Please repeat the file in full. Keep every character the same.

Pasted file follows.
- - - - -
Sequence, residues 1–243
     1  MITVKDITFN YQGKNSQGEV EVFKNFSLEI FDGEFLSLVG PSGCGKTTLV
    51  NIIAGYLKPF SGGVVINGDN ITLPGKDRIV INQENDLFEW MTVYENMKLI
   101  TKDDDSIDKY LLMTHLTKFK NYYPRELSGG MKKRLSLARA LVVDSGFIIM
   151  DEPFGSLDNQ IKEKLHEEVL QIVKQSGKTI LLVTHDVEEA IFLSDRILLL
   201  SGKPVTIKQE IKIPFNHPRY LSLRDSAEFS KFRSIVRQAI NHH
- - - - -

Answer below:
Sequence, residues 1–243
     1  MITVKDITFN YQGKNSQGEV EVFKNFSLEI FDGEFLSLVG PSGCGKTTLV
    51  NIIAGYLKPF SGGVVINGDN ITLPGKDRIV INQENDLFEW MTVYENMKLI
   101  TKDDDSIDKY LLMTHLTKFK NYYPRELSGG MKKRLSLARA LVVDSGFIIM
   151  DEPFGSLDNQ IKEKLHEEVL QIVKQSGKTI LLVTHDVEEA IFLSDRILLL
   201  SGKPVTIKQE IKIPFNHPRY LSLRDSAEFS KFRSIVRQAI NHH